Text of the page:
Title

The Effect of Parent Involvement and Student Reading Abilities

Date of Award

Winter 12-20-2018

Document Type

Project (696 or 796 registration)

Degree Name

Master of Science in Curriculum & Instruction

Department

Graduate Studies

Committee Chair

Michael Coquyt

Abstract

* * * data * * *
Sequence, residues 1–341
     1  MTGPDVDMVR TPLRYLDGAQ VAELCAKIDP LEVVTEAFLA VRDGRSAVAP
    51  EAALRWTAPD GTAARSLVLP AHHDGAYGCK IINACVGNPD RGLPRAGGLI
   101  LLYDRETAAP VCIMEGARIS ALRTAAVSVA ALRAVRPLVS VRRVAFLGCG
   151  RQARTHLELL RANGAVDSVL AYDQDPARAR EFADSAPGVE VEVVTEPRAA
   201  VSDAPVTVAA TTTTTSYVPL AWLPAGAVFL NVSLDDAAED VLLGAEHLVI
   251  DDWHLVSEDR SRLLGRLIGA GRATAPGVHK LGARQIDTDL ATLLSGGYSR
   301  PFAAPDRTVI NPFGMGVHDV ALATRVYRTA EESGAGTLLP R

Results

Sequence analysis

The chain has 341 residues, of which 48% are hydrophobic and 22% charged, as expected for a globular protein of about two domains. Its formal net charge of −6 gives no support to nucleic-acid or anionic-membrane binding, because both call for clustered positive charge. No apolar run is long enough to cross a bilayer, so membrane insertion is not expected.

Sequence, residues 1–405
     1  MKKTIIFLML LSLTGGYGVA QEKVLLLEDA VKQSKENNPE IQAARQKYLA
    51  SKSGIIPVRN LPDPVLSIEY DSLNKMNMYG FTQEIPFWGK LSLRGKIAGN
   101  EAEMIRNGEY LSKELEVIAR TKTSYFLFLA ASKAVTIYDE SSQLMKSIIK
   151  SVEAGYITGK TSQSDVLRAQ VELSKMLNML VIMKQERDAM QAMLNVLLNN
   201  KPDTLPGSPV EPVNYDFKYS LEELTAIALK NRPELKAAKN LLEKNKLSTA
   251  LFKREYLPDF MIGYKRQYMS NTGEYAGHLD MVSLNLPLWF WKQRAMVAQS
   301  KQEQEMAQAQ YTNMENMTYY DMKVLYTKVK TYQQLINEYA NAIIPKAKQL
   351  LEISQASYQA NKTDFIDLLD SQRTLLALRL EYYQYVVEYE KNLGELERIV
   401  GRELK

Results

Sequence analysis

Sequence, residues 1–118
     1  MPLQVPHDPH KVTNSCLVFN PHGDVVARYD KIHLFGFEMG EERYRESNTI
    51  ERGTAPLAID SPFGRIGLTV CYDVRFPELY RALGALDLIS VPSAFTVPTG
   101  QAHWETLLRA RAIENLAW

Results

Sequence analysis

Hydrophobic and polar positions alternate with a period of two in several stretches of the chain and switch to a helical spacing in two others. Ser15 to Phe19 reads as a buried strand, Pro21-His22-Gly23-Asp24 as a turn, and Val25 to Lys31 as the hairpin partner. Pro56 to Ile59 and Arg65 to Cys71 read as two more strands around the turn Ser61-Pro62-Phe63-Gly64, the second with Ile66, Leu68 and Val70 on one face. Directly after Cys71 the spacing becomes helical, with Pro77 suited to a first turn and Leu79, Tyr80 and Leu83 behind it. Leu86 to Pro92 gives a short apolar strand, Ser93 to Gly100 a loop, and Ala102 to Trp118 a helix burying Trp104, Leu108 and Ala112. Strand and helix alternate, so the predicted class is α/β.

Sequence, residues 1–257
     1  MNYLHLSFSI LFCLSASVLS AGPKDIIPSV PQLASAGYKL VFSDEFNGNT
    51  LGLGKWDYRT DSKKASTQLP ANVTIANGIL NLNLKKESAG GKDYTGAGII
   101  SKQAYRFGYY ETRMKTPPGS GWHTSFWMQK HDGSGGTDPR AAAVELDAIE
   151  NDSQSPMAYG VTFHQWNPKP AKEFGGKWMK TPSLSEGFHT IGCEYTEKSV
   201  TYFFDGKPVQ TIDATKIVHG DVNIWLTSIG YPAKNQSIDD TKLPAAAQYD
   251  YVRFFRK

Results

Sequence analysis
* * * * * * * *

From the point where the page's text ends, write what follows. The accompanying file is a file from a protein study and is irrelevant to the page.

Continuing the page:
The purpose of this study was to investigate the relationship of emergent readers and parent involvement. The study aimed to find the benefits that parent involvement and reading at home have on emergent readers, specifically kindergartners. The study looked at emergent readers reading patterns that occur at home, such as the amount of time and the way in which a child is reading and the effects that they have on reading growth. Families completed a questionnaire before the study that spoke to their child’s reading patterns at home. The study was structured around students BAS assessments and daily progress monitoring in class after literacy groups. Student completed nightly reading logs that tracked the length of time read and the way in which the story was read at home. The study found that reading between 10-15 minutes a night made a difference for both the growth of an emergent reader and the speed at which an emergent reader increases text levels. The way in which a child reads at home, whether independently, being read to, or reading to someone does not have a large effect on the growth of an emergent reader. Although, when students are exposed to independent reading as one form of reading at home, students are more likely to increase reading levels during a shorter period of time. In conclusion, parent involvement has a positive effect on the growth of emergent readers and the speed at which they grow as learners.

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